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All posts by Greg Thomson

Recommendations in the Third Review of the AODA

Every four years, the Lieutenant Governor of Ontario appoints someone to review the AODA. Moreover, this reviewer spends time meeting with the public, especially people with disabilities. During these meetings, attendees discuss possible improvements the AODA might need. Based on this public feedback, the reviewer writes a report about how effective the AODA and its mandates are. In addition, the reviewer recommends steps the government can take to improve the Act. In this article, we list the recommendations in the third review of the AODA, published in 2019.


Barriers for Children with Disabilities

In the third review of the AODA, the Honourable David Onley recommends needed improvements to the Act. During the public meetings Onley held while preparing his review, attendees outlined many barriers that people with disabilities face. More improvements to the AODA would help to remove existing barriers and prevent future ones. Therefore, in addition to direct recommendations, Onley’s review also includes suggestions from attendees about how to remove these barriers. This article will explore barriers for children with disabilities and their families.


Disability and Poverty in Ontario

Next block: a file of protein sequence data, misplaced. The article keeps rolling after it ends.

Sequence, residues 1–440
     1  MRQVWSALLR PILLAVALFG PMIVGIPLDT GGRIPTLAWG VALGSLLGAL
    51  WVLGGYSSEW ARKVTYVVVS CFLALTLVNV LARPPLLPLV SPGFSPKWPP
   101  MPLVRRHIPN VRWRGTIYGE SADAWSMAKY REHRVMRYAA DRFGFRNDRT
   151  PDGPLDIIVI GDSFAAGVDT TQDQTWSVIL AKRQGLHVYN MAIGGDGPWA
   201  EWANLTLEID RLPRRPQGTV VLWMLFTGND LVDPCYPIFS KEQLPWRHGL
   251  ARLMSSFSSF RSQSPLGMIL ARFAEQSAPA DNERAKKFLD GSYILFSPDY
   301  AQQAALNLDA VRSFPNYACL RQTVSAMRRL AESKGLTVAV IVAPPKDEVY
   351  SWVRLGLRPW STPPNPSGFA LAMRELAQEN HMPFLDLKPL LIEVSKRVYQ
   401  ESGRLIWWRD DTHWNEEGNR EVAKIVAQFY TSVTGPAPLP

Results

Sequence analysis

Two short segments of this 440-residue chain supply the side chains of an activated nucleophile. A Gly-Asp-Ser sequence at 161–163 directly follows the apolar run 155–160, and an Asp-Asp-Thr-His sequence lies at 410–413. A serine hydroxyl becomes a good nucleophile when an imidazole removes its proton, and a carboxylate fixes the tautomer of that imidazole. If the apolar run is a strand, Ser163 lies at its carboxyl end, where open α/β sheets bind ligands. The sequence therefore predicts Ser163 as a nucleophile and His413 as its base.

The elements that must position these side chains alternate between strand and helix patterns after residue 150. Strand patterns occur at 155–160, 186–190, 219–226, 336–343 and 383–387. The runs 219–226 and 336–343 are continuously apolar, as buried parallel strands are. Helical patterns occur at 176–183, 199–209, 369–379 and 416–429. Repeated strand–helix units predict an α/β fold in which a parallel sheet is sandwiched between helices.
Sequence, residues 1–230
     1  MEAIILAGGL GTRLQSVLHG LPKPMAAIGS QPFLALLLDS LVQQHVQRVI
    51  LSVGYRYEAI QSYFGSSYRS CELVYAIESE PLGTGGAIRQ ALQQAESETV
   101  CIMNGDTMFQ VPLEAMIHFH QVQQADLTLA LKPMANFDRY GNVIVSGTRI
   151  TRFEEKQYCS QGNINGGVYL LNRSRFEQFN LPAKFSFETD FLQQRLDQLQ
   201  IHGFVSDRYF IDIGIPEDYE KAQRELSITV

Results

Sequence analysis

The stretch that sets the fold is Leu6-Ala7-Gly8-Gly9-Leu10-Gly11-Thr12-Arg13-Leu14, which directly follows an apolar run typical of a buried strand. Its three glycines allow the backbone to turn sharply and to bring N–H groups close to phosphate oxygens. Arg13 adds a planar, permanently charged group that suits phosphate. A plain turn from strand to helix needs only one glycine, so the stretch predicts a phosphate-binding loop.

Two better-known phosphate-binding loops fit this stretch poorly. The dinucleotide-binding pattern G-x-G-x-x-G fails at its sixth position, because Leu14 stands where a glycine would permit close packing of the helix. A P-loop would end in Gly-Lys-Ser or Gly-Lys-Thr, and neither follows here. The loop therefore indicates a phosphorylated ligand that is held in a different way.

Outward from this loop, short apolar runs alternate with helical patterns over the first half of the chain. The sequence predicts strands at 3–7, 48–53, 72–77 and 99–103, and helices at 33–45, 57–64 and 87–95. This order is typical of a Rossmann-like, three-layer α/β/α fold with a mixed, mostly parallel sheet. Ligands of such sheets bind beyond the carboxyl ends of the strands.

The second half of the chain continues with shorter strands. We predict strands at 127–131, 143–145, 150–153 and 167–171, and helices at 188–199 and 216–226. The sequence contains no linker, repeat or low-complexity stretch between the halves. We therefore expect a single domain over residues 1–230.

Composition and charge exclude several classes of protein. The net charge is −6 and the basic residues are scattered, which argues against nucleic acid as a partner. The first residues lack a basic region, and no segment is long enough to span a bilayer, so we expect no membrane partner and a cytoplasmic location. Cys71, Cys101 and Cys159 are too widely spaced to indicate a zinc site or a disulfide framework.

In the third review of the AODA, the Honourable David Onley recommends needed improvements to the Act. During the public meetings Onley held while preparing his review, attendees outlined many barriers that people with disabilities face. More improvements to the AODA would help to remove existing barriers and prevent future ones. Therefore, in addition to direct recommendations, Onley’s review also includes suggestions from attendees about how to remove these barriers. This article will explore disability and poverty in Ontario.


Reasons to Fund Accessibility

In the third review of the AODA, the Honourable David Onley recommends needed improvements to the Act. During the public meetings Onley held while preparing his review, attendees outlined many barriers that people with disabilities face. More improvements to the AODA would help to remove existing barriers and prevent future ones. Therefore, in addition to direct recommendations, Onley’s review also includes suggestions from attendees about how to remove these barriers. This article will explore reasons to fund accessibility, and strategies for funding.


White Cane Safety Day

Today is White Cane Safety Day!

White Cane Safety Day takes place around the world on October 15th every year. The day raises awareness about how blind people travel and celebrates how they contribute to their communities.

White Cane Safety Day

White Canes

White Cane Safety Day is named after the white cane, a tool many blind and visually impaired people use to travel. While they walk, they move the cane from side to side in front of them. The feel and sound of the cane on the ground or floor gives them information about what is ahead, including: